What Happens When Social Media Works
While waiting on a printing project required by my day job, I sat down next to another woman also waiting. We both glanced at the magazines provided, but three-year-old news stories have never had much allure for me. Seems they didn’t for her either as she wasted no time in pulling her kindle out of her purse. I perked up. “What sort of books do you like to read?” I asked.
Remember the days when that was one of our normal forms of social media. We were in bookstores then with the aroma of coffee filling the air, a deep quiet about us, and the shop owner’s cat asleep in our favorite chair, while people swapped good reads like kids trading baseball cards. It was legitimate to turn to a total stranger and ask, “Have you read this?” For the next ten minutes, she and I re-enacted those days, and then remembering we were in the print shop, she said in wistful way, “This is my favorite way to find good books, someone giving me suggestions I can check out. Even though I have genres I favor; mostly, I look for good writers and people to lead me to them.”
I would have perhaps wallowed in nostalgia for the rest of the morning had I not begun opening blogs when I got home, ones I keep tally on for a new group of writers, the Venture Galleries Authors Collection, who have accepted the challenge to prove to themselves and others that the social media we’re stuck with now can work as well, if not better than that of the past in leading readers to writers.
So it was a great morning for me to open litigatrix, Maria Granovsky’s blog first, “I Want to Open a Bridal Salon,” which had me howling. It was a hilarious trip through a greener pastures fantasy that you’d be lying if you said you’d never experienced yourself. Then there was Gae-Lynn Woods’ “Chasing the Dragon – Or Why I Write,” who shared a great deal of herself, her life and her loves by cleverly revealing them in a blog about why she chases dragons. Next, Jim Ainsworth contended, “We Read to Know We Are Not Alone,” offering a touching essay on loss and gain and how we recognize the former but sometimes almost miss the latter.
As I continued reading, I realized I had been looking for this group for a long time — people of substance, talent and enough guts to dangle their toes over the edge of this new frontier and take it on, creating a future that joins readers and writers in an increasingly meaningful way.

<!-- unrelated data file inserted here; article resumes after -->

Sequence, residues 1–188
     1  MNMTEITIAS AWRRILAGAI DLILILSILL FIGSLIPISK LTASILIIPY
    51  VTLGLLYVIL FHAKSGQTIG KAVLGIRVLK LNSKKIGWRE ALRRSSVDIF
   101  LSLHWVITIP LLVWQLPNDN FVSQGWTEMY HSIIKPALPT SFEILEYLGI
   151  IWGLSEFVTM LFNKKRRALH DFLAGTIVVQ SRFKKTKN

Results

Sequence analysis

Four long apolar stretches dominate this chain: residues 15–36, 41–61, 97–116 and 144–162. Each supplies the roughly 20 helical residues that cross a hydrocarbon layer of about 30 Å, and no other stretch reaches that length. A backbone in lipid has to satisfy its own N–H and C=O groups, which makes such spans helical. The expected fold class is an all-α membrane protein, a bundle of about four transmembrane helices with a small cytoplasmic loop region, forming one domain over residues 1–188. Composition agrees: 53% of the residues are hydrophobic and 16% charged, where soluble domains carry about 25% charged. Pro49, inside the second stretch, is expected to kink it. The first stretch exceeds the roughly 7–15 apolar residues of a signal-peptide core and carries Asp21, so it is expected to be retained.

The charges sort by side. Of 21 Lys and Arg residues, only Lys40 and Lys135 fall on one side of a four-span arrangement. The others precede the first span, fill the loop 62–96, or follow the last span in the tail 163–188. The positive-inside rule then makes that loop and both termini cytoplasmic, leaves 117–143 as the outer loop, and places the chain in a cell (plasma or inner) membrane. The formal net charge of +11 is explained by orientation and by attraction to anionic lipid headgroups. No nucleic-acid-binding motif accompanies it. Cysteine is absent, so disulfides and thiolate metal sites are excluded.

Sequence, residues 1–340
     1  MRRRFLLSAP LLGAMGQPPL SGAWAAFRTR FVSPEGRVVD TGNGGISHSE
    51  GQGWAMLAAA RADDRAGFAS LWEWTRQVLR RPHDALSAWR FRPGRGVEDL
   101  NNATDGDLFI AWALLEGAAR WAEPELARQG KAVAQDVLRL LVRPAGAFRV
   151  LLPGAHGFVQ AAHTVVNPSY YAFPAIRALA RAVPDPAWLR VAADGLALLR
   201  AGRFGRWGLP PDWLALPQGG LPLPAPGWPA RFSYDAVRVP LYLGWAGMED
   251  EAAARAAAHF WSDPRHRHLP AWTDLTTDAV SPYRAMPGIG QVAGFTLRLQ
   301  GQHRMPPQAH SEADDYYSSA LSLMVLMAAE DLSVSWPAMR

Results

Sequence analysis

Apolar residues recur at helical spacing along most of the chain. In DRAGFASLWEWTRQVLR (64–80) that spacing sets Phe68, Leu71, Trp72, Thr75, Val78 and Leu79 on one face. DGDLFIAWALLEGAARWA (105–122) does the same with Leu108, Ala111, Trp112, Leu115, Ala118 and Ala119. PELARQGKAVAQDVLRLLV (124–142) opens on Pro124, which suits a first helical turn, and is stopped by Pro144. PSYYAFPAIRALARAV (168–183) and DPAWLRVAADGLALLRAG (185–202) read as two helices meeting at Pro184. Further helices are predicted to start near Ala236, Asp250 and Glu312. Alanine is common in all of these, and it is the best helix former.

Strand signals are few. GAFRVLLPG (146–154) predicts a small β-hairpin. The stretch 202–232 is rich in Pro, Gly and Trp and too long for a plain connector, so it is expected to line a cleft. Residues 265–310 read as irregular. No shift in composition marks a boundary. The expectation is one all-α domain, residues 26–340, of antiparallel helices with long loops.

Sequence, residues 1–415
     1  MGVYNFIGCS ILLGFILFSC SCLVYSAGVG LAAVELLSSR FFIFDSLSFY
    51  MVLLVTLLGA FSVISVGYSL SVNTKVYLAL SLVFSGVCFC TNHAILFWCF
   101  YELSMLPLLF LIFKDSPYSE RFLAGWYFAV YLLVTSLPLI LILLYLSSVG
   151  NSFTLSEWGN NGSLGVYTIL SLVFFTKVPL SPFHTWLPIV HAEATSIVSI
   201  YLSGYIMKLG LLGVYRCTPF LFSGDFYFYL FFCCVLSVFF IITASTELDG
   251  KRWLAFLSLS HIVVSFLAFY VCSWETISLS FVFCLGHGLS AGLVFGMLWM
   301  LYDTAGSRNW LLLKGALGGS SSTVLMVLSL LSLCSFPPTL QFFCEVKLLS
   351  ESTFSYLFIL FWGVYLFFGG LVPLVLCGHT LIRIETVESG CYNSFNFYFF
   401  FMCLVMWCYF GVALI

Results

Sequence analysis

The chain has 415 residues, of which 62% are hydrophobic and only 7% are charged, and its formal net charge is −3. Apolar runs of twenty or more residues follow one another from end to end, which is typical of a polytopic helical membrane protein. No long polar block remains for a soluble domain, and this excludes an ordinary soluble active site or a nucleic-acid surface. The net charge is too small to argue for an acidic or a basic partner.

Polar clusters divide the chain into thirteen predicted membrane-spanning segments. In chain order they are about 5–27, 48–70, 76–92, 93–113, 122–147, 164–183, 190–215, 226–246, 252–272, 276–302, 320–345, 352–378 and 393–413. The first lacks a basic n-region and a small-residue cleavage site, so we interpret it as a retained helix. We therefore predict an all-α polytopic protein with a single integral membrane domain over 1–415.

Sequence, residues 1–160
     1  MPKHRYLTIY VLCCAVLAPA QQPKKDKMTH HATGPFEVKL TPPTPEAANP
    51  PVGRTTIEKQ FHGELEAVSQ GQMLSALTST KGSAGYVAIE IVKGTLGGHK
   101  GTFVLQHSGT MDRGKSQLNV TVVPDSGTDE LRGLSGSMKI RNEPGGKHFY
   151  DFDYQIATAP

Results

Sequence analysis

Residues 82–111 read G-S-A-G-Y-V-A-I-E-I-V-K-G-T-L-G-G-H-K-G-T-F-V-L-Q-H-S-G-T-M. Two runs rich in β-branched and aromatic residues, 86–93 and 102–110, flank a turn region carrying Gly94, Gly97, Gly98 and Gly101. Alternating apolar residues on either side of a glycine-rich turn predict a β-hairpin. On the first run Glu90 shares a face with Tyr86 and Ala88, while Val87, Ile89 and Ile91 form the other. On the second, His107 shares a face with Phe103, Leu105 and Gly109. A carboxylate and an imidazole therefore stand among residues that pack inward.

It’s an international group of writers to boot, people who have lived long enough to have some fine tales to tell and rightly enough to know who’s telling them tall or telling them true. It is a rare opportunity to meet stimulating people who want to meet you the reader as well, fine writers who’ll gift you with, as Gae-Lynn Woods says in her blog, “… the power of a story to enchant and transport. I believe the writing of such a story is a gift to the reader. Yes, I write to satisfy my selfish need for the dragon, but also to feed those whose hunger for escape is as great as my own.”
Until now, I doubted the power of today’s social media to connect us in any significant, long term way. I’m a mature woman, which means old, bored by the snippets of life 140 characters permit yet rebuffed by reams of blogs with no purpose or intent behind them. I don’t have that kind of time to waste. But who I began to get to know today, through their blogs, are my fellow writers in the Authors Collection, a group of people who I am honored to be with. Together we are going to define a new relationship between reader and writer, one that will shape contemporary social media’s ability to bring writers and readers together in a fuller sense of community than we have yet known. I mention it to you dear reader because I know how exciting and fulfilling it is to read well-written, informative material. That’s when social media works. That is what truly connects people, yet using the oldest means of them all – the gift of an honest exchange of something of recognizable worth.
We invite you to start poking around Venture Galleries. You might not be able to smell the coffee or pet the cat, but you’ll find people worth knowing and writing worth reading all in a context that welcomes readers. See you there.
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